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From ivan bella <>
Subject Re: Net ColumnFamily Count
Date Thu, 20 Oct 2016 21:18:21 GMT
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</head><body><p>I do not have any reference code for you.&#160; However
basically you want to write a program that scans from one table, creates new transformed Key
which you write as Mutations to another table.&#160; The transfomed Key object&#39;s
row would be the column family of the key you pulled from the scan, and the value would be
a 1 encoded using one of the encoders in the LongCombiner class.&#160; You would create
the new table you are going to write to manually in the accumulo shell and set a SummingCombiner
on the majc, minc, and scan with the same encoder you used.&#160; Run your program, compact
the new table, and then scan it.<br></p><p><br></p><blockquote
type="cite">On October 20, 2016 at 4:07 PM Yamini Joshi &#60;;
wrote:<br><br><div dir="ltr">Alright! Do you happen to have some reference
code that I can refer to? I am a newbie and I am not sure if by caching, aggregating and merge
sort you mean to use some Accumulo wrapper or write a simple java code.<br></div><div
class="ox-3f54c3c603-gmail_extra"><br clear="all"><div><div class="ox-3f54c3c603-gmail_signature"><div
dir="ltr"><div>Best regards,<br>Yamini Joshi</div></div></div></div><br><div
class="ox-3f54c3c603-gmail_quote">On Thu, Oct 20, 2016 at 2:49 PM, ivan bella &#60;<a
href="" target="_blank"></a>&#62;
wrote:<br><blockquote><u></u><div><p>That is essentially
the same thing, but instead of doing it within an iterator, you are letting accumulo do the
work!&#160; Perfect.<br></p><div><div class="ox-3f54c3c603-h5"><blockquote
type="cite">On October 20, 2016 at 3:38 PM <a href="" target="_blank"></a>
wrote:<br><br><div>I am wondering what the complexity would be for this
and also how does it compare to creating a new table with the required revered data and calculating
the sum using an iterator.<br><br>Sent from my iPhone</div><div><br>On
Oct 20, 2016, at 2:07 PM, ivan bella &#60;<a href="" target="_blank"></a>&#62;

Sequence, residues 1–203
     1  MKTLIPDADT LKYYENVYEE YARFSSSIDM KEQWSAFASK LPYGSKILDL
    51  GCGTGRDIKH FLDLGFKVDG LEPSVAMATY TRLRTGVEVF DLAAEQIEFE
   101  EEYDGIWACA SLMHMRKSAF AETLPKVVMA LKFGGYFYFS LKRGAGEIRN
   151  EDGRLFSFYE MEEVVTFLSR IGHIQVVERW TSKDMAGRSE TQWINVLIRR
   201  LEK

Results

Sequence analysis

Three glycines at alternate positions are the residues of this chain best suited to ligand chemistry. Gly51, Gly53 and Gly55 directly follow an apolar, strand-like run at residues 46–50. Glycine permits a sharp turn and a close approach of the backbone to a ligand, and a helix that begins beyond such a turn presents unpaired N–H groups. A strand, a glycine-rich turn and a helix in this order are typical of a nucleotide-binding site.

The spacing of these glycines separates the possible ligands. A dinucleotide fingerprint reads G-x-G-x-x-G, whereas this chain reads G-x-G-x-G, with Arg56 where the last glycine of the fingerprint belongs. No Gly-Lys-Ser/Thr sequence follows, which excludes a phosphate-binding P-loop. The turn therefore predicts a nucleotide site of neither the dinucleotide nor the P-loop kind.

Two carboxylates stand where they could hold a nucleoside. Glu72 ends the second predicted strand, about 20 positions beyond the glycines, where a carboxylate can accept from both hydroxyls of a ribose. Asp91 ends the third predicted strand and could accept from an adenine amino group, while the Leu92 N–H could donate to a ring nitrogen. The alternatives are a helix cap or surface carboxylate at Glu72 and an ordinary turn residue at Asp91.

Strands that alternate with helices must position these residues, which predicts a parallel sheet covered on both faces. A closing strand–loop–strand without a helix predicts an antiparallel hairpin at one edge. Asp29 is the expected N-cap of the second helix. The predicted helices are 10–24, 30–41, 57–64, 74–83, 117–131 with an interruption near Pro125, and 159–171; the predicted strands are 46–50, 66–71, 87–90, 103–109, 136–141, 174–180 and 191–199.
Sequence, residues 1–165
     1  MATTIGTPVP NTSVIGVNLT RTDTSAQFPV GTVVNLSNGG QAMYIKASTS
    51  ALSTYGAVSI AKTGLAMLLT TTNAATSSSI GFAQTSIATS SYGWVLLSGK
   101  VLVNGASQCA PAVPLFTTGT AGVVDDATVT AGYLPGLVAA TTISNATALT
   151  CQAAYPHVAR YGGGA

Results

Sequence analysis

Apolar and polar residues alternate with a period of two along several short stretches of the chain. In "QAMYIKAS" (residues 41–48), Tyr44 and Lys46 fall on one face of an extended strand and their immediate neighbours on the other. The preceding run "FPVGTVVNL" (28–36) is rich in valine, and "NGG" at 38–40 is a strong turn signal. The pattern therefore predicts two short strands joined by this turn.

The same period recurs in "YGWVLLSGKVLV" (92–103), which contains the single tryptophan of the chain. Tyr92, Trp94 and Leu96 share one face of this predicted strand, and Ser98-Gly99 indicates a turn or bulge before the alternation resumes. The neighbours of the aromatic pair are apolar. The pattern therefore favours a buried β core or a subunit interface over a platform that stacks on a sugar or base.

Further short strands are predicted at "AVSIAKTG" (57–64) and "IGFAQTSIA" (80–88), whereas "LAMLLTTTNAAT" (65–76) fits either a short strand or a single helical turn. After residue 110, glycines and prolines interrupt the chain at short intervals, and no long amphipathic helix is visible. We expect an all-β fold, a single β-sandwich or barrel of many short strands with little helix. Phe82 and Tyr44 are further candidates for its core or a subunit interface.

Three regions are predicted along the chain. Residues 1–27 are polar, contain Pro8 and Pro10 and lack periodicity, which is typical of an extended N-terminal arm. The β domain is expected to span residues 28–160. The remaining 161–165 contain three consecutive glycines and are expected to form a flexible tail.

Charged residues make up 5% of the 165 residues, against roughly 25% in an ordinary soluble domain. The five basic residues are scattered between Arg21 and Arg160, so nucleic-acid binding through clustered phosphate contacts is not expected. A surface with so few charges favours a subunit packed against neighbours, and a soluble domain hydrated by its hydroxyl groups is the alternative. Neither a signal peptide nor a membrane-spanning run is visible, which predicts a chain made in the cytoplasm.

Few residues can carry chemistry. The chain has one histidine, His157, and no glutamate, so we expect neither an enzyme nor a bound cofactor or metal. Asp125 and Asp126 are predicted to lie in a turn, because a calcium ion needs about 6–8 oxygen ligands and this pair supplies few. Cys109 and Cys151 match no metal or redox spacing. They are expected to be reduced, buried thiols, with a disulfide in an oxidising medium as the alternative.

wrote:<br><br></div><blockquote type="cite"><div><p>You
could cache results in an internal map.&#160; Once the number of entries in your map gets
to a certain point, you could dump them to a separate file in hdfs and then start building
a new map.&#160; Once you have completed the underlying scan, do a merge sort and aggregation
of the written files to start returning the keys.&#160; I did something similar to this
and it seems to work well.&#160; You might want to use RFiles as the underlying format
which would enable reuse of some accumulo code when doing the merge sort.&#160; Also it
would allow more efficient reseeking into the rfiles if your iterator gets torn down and reconstructed
provided you detect this and at least avoid redoing the entire scan.<br></p><blockquote
type="cite">On October 20, 2016 at 1:22 PM Yamini Joshi &#60;<a href=""
target="_blank"></a>&#62; wrote:<br><br><div
dir="ltr"><div>Hello all<br><br></div>I am trying to find the number
of times a set of column families appear in a set of records (irrespective of the rowIds).
Is it possible to do this on the server side? My concern is that if the set of column families
is huge, it might face memory constraints on the server side. Also, we might need to generate
new keys with columnfamily name as the key and count as the value.<br><div><br
clear="all"><div><div><div class="ox-3f54c3c603-m_-6791074042057994589ox-c152bb93ed-ox-8fc481c671-gmail_signature"><div
dir="ltr"><div>Best regards,<br>Yamini Joshi</div></div></div></div></div></div></div></blockquote></div></blockquote></blockquote></div></div></div></blockquote></div><br></div></blockquote></body></html>

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